The core principle is that a non-current assets is deemed to be held for sale if its carrying value is expected to be recovered through selling it rather than using it. Making this judgment has two important accounting implications: Non-current assets held for sale
- It is carried within current assets in the statement of financial position; and Non-current assets held for sale
- It is not depreciated from the date of reclassification. Non-current assets held for sale
In order to make this judgment, the asset must meet two strict conditions:
- It is available for immediate sale in its present condition at the date classification to “held for sale” is made (this means the asset cannot be in use); and Non-current assets held for sale
- The sale must be highly probable. Non-current assets held for sale
The first of these is a fact, whereas the second is an opinion. IFRS 5 offers guidance on when this opinion is likely to be justified. According to IFRS 5, a sale is considered to be highly probable when all the following are met:
- Management, having the authority to approve the action, commits to a plan to sell the asset.
- The assets are available for immediate sale in its present condition subject only to terms that are usual and customary for sales of such assets. Non-current assets held for sale
- An active marketing program is identified to locate a buyer and other actions required to complete the plan to sell the asset have been initiated. Non-current assets held for sale
- The sale of the asset is probable, and transfer of the asset is expected to qualify for recognition as a completed sale, within one year. Non-current assets held for sale
- The asset is being actively marketed for sale at a price that is reasonable in relation to its current fair value. The price at which a long-lived asset is being marketed is indicative of whether the entity currently has the intent and ability to sell the asset.
Consideration and analysis should additionally be applied to the overall carrying value of the asset held for sale at the time of reclassification. The overall carrying value should be the lower of cost or fair market value less estimated selling costs. If fair value less estimated selling costs is determined to be less than the current book value, an impairment should be reported through earnings in the period of reclassification. The adjusted carrying amount will become the asset’s new basis.
All assets classified as held for sale should not be depreciated. However, any interest and other expenses attributable to the disposal of the asset classified as held for sale shall continue to be accrued and expensed.
Change of plans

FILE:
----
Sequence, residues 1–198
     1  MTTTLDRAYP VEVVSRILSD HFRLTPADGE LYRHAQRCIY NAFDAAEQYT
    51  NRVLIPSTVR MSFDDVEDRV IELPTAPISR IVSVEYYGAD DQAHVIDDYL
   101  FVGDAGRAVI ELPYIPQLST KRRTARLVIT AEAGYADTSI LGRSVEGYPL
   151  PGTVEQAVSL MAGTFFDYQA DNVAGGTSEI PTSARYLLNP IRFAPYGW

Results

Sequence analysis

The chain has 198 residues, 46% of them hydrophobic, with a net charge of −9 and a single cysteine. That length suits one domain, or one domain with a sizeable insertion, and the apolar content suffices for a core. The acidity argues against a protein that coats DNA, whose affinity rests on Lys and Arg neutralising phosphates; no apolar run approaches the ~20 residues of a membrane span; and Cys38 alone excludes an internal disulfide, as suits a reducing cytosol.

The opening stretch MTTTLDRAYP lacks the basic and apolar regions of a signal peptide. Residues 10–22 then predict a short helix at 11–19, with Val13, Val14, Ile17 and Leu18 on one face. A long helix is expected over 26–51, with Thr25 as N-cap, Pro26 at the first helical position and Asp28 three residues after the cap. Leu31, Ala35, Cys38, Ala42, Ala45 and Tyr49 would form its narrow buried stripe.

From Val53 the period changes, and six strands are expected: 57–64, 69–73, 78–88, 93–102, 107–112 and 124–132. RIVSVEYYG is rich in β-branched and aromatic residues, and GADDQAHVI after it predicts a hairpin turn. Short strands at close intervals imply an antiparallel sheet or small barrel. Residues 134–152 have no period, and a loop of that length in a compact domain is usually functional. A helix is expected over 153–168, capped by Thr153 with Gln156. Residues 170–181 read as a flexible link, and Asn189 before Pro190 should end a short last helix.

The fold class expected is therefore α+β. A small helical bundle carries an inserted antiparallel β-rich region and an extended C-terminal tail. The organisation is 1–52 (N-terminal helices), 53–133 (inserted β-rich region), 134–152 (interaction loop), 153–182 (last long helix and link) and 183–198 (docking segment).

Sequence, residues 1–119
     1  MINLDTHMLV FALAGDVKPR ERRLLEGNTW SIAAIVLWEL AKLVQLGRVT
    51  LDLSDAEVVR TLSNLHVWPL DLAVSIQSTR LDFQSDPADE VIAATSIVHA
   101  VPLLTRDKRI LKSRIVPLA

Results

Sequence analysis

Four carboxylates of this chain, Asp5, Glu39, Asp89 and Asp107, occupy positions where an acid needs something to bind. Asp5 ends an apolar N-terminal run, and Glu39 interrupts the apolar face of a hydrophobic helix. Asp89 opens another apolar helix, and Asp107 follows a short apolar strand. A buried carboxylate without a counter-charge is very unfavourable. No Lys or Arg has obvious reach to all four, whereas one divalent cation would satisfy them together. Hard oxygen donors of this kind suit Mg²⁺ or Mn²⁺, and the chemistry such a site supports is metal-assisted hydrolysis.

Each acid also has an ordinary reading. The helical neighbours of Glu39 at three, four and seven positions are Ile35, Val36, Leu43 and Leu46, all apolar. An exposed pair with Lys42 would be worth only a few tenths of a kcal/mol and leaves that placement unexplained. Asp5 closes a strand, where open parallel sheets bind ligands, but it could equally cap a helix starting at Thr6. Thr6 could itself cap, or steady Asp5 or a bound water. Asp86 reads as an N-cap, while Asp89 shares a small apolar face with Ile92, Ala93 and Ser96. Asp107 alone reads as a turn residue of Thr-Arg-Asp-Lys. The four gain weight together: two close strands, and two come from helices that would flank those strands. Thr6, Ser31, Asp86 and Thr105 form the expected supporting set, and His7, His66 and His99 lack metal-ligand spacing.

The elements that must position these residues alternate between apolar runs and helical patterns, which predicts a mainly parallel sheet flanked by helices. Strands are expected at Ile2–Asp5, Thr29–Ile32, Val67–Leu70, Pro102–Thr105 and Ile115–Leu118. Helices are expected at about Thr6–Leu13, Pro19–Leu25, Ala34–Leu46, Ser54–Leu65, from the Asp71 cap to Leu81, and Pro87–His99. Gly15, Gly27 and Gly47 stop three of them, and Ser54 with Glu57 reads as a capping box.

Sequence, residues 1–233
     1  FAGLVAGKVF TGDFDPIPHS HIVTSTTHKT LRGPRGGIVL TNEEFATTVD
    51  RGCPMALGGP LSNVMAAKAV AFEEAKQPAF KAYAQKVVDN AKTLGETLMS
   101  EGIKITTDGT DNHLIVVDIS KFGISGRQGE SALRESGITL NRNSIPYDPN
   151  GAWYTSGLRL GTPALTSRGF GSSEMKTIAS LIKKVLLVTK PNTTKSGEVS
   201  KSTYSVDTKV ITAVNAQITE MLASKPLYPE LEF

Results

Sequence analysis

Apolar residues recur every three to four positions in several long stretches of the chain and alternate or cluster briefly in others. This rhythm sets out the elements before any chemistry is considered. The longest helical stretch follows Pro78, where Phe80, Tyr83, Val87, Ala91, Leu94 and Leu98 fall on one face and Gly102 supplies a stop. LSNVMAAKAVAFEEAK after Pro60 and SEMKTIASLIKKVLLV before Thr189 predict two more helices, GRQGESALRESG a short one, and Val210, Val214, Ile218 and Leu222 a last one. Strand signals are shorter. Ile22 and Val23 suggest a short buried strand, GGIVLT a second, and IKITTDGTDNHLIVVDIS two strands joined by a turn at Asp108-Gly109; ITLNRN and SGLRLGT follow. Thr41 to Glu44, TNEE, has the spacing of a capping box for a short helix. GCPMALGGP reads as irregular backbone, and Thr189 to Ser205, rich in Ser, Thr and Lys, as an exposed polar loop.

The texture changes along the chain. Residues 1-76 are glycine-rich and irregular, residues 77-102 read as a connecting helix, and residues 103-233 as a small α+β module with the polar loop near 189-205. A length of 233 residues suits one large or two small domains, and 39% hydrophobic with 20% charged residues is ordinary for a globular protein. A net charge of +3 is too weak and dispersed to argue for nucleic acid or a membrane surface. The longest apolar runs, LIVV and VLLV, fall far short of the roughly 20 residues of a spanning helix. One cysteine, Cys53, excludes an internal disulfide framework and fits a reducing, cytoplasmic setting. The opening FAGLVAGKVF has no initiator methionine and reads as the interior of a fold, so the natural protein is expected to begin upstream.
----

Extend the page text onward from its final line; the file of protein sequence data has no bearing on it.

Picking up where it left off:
If criteria for an asset to be classified as held-for-sale are no longer met, then the asset or disposal group ceases to be held-for-sale. In this case, it should be valued at the lower of the carrying amount before the asset or disposal group was classified as held-for-sale (as adjusted for any subsequent depreciation, amortisation or re-valuation), and its recoverable amount at the date of the decision not to sell. Any adjustment to the value should be shown in income from continuing operations for the period.
An entity has agreed in a directors’ meeting to sell a building, and has tentatively started looking for a buyer for the building. The price of the building has been fixed at $4m and a surveyor has valued the building based on market prices at $3.6m. The entity will continue to use the building until another building has been found with equivalent facilities, and in a suitable location for the office staff, who will not be relocated until the new building has been found.
Additionally, the entity is planning to sell part of its business and has actively marketed the business at a fair price but, before the business can be sold, government approval is required and any sale requires government approval. This means that the sale time is difficult to determine and it may take longer than one year to sell the disposal group.
The building will not be classified as held-for-sale as it is not available for immediate sale because, until new premises have been found, the office staff will remain in the existing building. Also, the directors have only tentatively started looking for a buyer which may indicate that the entity is not committed to the sale. Additionally, the price being asked for the building is above the market price, and is not reasonable compared to that price. It is unlikely that the entity will sell the building for that price.
The disposal group, however, would be classified as held-for-sale because the delay is caused by events or circumstances beyond the entity’s control, and there is evidence that the entity is committed to selling the disposal group.
See also: The IFRS Foundation